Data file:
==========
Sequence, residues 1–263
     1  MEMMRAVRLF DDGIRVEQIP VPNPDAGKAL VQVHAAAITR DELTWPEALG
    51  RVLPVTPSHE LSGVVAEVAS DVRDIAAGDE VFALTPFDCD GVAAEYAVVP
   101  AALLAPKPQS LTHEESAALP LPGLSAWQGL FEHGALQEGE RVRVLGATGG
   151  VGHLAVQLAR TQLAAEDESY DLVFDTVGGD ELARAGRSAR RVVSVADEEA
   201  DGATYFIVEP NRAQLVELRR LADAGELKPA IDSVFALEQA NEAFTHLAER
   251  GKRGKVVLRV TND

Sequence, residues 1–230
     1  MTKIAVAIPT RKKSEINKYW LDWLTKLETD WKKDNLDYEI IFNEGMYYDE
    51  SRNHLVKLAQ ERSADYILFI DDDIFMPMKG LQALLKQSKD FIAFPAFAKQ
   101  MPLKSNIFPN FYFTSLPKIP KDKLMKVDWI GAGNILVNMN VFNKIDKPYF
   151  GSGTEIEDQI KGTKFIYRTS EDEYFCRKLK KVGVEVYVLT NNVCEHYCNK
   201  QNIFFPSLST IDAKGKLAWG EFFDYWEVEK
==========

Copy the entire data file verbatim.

Sequence, residues 1–263
     1  MEMMRAVRLF DDGIRVEQIP VPNPDAGKAL VQVHAAAITR DELTWPEALG
    51  RVLPVTPSHE LSGVVAEVAS DVRDIAAGDE VFALTPFDCD GVAAEYAVVP
   101  AALLAPKPQS LTHEESAALP LPGLSAWQGL FEHGALQEGE RVRVLGATGG
   151  VGHLAVQLAR TQLAAEDESY DLVFDTVGGD ELARAGRSAR RVVSVADEEA
   201  DGATYFIVEP NRAQLVELRR LADAGELKPA IDSVFALEQA NEAFTHLAER
   251  GKRGKVVLRV TND

Sequence, residues 1–230
     1  MTKIAVAIPT RKKSEINKYW LDWLTKLETD WKKDNLDYEI IFNEGMYYDE
    51  SRNHLVKLAQ ERSADYILFI DDDIFMPMKG LQALLKQSKD FIAFPAFAKQ
   101  MPLKSNIFPN FYFTSLPKIP KDKLMKVDWI GAGNILVNMN VFNKIDKPYF
   151  GSGTEIEDQI KGTKFIYRTS EDEYFCRKLK KVGVEVYVLT NNVCEHYCNK
   201  QNIFFPSLST IDAKGKLAWG EFFDYWEVEK